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Battle of Shepherdstown

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Battle of Shepherdstown
Part of the American Civil War
Battle of Shepherdstown.png
Ford near Shepherdstown, on the Potomac. Pickets firing across the river.
Alfred R. Waud, artist, Sept. 1862.
DateSeptember 19–20, 1862
Location
Result Confederate victory
Belligerents
United States United States (Union) Confederate States of America CSA (Confederacy)
Commanders and leaders
Flag of the United States (1861-1863).svg Fitz John Porter Flag of the Army of Northern Virginia.svg William N. Pendleton
Flag of the Army of Northern Virginia.svg A. P. Hill
Units involved
Vcorpsbadge.png V Corps Artillery Reserve
A. P. Hill's Light Division
Strength
2,000 infantry (Sept. 19)
three brigades (Sept. 20)
600 infantry, ~44 cannons (Sept. 19)
2,000 infantry (Sept. 20)
Casualties and losses
363+ 298+

The Battle of Shepherdstown, also known as the Battle of Boteler's Ford, took place September 19–20, 1862, at Boteler's Ford along the Potomac River, during the Maryland campaign of the American Civil War. After the Battle of Antietam on September 17, General Robert E. Lee and the Confederate Army of Northern Virginia withdrew across the Potomac. Lee left a rear guard commanded by Brigadier General William N. Pendleton at Boteler's Ford. On September 19, elements of the Union V Corps dueled with Pendleton's artillery before pushing a short distance across the river at dusk. Pendleton inaccurately informed Lee that all of the artillery of the rear guard had been captured. On the morning of September 20, the Confederates counterattacked with A. P. Hill's Light Division, forcing the Union units back across the Potomac. One Union unit, the 118th Pennsylvania Infantry Regiment, did not withdraw at the same time as the others and suffered heavy losses. Lee's army continued its retreat into the Shenandoah Valley after the battle.

Background[edit]

In June 1862, during the American Civil War, General Robert E. Lee took command of the Confederate Army of Northern Virginia after the wounding of General Joseph E. Johnston at the Battle of Seven Pines. Lee's army faced the Union Army of the Potomac, which was led by Major General George B. McClellan. In the Seven Days Battles, Lee's army drove McClellan and the Army of the Potomac back from its position close to the Confederate capital of Richmond, Virginia. Lee then faced a Union advance by Major General John Pope's Army of Virginia, coming from a different direction. Lee's army defeated Pope at the Second Battle of Manassas in late August. Despite having suffered heavy casualties in the previous two campaigns, Lee led his army on an invasion of the Union, striking into the state of Maryland. McClellan replaced Pope as commander of the Union forces, and took the Army of the Potomac north after Lee. Some of McClellan's soldiers discovered Lee's military orders, revealing the Confederate plans on McClellan. On September 14, McClellan forced Lee's army back from the passes on South Mountain; and both armies gathered around Sharpsburg, Maryland, where McClellan attacked on September 17.[2]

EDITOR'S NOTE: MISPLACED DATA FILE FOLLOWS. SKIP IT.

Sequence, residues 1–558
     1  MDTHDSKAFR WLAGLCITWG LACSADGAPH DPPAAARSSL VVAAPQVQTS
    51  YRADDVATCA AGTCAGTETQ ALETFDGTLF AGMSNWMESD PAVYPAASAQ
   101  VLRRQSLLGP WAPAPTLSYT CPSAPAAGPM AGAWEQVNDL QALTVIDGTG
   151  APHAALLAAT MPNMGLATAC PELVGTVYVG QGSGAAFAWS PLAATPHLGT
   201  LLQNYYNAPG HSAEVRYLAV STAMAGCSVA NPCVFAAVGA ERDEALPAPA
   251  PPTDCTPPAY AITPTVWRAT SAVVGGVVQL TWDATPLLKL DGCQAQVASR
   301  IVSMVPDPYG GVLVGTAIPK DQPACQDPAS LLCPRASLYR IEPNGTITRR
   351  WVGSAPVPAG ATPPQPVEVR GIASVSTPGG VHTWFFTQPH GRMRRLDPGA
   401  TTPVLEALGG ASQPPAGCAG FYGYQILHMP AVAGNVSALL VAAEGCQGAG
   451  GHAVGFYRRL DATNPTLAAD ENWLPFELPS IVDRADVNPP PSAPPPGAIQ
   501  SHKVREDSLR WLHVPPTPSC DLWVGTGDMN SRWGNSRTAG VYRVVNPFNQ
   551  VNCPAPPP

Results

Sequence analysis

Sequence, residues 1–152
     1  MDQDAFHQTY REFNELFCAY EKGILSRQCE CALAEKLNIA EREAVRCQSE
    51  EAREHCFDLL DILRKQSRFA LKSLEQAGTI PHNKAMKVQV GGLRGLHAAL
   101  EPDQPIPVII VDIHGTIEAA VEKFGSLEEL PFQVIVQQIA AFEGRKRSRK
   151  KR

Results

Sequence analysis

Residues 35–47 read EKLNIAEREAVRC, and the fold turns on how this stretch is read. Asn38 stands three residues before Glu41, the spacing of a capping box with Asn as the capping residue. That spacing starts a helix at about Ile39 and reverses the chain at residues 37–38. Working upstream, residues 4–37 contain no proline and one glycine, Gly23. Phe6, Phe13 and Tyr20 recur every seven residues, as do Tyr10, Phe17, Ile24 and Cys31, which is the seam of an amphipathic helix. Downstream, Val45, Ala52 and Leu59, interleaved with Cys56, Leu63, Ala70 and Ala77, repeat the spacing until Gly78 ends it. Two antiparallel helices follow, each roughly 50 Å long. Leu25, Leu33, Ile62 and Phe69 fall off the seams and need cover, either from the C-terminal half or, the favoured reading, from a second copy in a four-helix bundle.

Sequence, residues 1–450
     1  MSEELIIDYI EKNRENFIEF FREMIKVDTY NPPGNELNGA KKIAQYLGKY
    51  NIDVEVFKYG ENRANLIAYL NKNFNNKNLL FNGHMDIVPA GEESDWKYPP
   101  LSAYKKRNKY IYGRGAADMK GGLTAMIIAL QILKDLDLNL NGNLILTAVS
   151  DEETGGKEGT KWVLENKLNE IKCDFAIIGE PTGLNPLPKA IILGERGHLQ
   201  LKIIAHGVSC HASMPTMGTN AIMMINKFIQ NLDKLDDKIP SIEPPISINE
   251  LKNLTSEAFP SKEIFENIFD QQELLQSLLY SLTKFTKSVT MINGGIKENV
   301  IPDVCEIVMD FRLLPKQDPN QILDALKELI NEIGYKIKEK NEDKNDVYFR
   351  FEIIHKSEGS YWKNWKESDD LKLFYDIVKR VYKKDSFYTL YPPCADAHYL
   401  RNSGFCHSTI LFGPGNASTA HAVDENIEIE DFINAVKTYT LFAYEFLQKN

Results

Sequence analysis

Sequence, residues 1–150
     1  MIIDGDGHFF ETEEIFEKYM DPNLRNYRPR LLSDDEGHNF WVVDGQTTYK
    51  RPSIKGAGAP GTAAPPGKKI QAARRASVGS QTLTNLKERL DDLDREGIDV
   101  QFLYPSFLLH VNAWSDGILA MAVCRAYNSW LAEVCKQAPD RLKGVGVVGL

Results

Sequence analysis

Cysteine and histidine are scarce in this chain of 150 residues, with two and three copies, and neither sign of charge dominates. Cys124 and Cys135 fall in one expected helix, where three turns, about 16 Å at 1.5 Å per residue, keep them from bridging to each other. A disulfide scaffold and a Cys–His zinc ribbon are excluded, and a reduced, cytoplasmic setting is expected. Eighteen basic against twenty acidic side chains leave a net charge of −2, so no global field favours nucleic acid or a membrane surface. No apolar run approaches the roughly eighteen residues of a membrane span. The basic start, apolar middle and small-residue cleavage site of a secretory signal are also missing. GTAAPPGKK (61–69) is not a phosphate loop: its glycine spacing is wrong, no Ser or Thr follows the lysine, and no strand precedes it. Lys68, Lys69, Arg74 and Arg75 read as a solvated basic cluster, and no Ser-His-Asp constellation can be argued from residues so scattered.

In the resulting Battle of Antietam, Lee's outnumbered army repulsed Union assaults throughout the day. Nearly 23,000 men were killed, wounded, or became missing in action during the fighting, making Antietam the bloodiest day in American history.[3] While almost all of Lee's army had been heavily engaged, about a third of the Union forces had not entered the action.[4] Lee's army remained in position on September 18, and McClellan did not order an assault, despite having a significant number of fresh troops.[5] That night, the Confederates began their retreat, aiming for Martinsburg, Virginia.[6] After crossing the Potomac River, Lee left his artillery chief, Brigadier General William N. Pendleton, to hold a rear guard at Boteler's Ford.[1] Pendleton, a former clergyman, had a questionable military reputation and was unpopular with his men.[7] He also had no prior experience commanding infantry.[8] In addition to Boteler's Ford, Pendleton also had to cover another ford to the south and Shepherd's Ford to the north. A small cavalry force was available to cover the southern ford, and Pendleton dispatched an artillery battery and a small infantry force to Shepherd's Ford.[9] Preservationist Frances E. Kennedy states that Pendleton had two brigades and 45 cannon available,[1] while historian Peter S. Carmichael states that he had only 600 men (some of whom were unarmed) and about forty cannons to work with.[10] Historian Shelby Foote gives a cannon count of 44.[11]

Battle[edit]

September 19[edit]

Map of Shepherdstown Battlefield core and study areas by the American Battlefield Protection Program.

Pendleton had excellent terrain to defend at Boteler's Ford: the Virginia side of the Potomac had high cliffs that would be difficult to assault. He placed his 600 men, from the brigades of Alexander R. Lawton and Lewis A. Armistead (led by replacement officers as both Lawton and Armistead had been wounded at Antietam), at the ford itself, while aligning 33 cannons in positions covering the ford. Shorter-range cannons were placed close to the river, while longer-range guns were positioned further back. Advantageous positions for 11 cannons could not be found, so Pendleton did not deploy them. The Confederates may have also had a small reserve. Lee's orders for Pendleton presented two scenarios: if Union activities against Boteler's Ford were limited to artillery firing, Pendleton was to withdraw on the morning of September 20, but if a major Union attack was made, Pendleton was to fall back on the evening of September 19.[12]